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Sorry, I understand what closed cell foam is, when used in laminating. Divinycell or something similar.

Just suprised that it's being used for a "dual plane curve" structure, as it's normally pretty rigid, so I cant see how you would get it into the required shape for laminating.
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Old 30 March 2013, 11:00   #5
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I have had problems with flowcoat on occasion when the wax has formed what is commonly referred to as fisheyes, small blisters where the resin has separated on the surface. I was told it was the wax coming out of solution because of an inconsistent resin mix.
Blisters under the gelcoat of a moulded item can be trapped air if it is not rolled firmly when laminating. Too hot a mix or damp conditions can cause all sorts of problems as can some release agents that are not applied properly. You might need to slice a few cross sections to determine at what stage the problem has occurred at; surface, gelcoat, flowcoat, laminate or bond area between any of the above
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Old 30 March 2013, 15:36   #6
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Temperature control might be one reason. If the mould or the resin is different temperature than ambient during laminating, trapped air might expand causing bubbles. Or if the temperature changes plenty during curing proses.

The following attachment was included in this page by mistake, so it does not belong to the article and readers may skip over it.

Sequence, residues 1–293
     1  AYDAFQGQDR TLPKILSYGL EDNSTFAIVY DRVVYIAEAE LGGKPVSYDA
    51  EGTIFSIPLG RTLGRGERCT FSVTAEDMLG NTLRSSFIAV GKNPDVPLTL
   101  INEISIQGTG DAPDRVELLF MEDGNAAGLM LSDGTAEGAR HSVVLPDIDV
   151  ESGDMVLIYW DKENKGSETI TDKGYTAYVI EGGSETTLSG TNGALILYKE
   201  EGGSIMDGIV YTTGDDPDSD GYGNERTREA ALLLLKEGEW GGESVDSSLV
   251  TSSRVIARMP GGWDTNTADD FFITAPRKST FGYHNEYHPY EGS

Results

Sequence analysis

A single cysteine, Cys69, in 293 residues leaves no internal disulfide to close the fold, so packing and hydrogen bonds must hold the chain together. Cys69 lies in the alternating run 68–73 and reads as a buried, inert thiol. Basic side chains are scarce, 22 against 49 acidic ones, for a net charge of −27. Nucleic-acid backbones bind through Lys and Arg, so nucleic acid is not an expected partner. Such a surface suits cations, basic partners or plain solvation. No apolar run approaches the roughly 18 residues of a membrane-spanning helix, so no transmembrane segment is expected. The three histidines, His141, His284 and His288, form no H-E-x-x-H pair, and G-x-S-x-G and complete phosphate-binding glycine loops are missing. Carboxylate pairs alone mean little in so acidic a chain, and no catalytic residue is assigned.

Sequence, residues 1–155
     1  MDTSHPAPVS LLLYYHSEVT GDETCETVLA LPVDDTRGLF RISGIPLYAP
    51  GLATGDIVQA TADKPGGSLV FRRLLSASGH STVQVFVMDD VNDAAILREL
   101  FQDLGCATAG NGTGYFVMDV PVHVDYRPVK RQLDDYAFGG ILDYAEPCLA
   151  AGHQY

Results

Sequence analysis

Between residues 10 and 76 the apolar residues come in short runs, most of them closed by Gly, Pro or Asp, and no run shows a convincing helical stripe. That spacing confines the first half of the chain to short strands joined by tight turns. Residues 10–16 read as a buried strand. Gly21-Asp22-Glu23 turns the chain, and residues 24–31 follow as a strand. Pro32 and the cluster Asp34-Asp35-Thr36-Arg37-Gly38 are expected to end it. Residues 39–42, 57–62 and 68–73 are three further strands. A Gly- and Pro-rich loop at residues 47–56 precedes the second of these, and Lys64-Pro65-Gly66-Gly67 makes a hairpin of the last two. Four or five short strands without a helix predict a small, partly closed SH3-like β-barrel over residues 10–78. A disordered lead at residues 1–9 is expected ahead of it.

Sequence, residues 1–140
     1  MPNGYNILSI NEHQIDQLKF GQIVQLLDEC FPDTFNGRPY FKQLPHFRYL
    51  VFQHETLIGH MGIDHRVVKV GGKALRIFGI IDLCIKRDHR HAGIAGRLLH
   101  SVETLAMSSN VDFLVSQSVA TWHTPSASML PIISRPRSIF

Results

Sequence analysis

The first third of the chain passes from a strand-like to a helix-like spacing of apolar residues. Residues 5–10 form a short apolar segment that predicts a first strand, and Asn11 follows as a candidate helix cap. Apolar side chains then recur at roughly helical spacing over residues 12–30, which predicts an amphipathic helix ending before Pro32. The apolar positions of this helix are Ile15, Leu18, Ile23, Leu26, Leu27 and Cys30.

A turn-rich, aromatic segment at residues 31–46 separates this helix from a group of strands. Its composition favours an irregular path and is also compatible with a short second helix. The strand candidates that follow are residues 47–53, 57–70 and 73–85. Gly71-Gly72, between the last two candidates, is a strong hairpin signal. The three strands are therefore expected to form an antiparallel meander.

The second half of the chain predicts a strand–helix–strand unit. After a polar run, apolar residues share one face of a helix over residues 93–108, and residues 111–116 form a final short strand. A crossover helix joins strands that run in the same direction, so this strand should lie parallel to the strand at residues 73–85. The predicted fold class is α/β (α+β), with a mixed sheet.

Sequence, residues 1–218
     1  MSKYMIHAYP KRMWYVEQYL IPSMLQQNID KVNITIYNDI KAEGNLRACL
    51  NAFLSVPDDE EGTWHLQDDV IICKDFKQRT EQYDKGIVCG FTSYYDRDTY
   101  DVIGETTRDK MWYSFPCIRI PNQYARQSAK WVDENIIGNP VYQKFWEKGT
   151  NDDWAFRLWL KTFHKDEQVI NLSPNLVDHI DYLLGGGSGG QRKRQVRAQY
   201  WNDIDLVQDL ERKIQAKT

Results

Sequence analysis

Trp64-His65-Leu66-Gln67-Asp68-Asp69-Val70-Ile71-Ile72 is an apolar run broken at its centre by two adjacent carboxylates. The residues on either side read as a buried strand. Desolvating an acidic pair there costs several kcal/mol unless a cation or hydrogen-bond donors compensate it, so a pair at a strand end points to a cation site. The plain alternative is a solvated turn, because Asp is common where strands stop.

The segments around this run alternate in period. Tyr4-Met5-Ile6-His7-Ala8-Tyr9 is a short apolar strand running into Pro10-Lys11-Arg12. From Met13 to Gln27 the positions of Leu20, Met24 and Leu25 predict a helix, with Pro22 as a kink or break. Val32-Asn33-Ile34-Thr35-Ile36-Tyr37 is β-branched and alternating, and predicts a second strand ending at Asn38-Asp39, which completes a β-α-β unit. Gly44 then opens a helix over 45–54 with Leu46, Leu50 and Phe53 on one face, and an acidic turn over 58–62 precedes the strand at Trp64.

Laminating timing worth checking. If the gel coat is cured before laminating as it should, bubbles should not occur.

The core might be another issue. Maybe worth checking, is it 100% compatible with the used polyester(?), Divinylcell or other known brand should be ok. Check also is it really closed cell.
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Old 31 March 2013, 15:30   #7
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Ian why dont you give Mike Whitham a call?
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Old 02 April 2013, 03:37   #8
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Without actually seeing a section it's hard to speculate on how it's happening but I can tell you it is possible to make that product without it happening!
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Old 05 April 2013, 20:52   #9
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It could be expanding air or gas due to heat buildup (exotherm) making the air or gas in the core larger , it forms a bubble under the laminate or gelcoat and gets hardenned in.

I have had problems with this in the past using cores (foam, nidaplas & balsa).

The trick was to get the lads to undercatalyse slightly which will create slightly less heat, or dont apply as much laminate in one go.

Working with cores although not rocket science is a skilled job and if done on a production level in a factory it needs to be supervised carefully by someone who has the correct knowledge and gives a toss !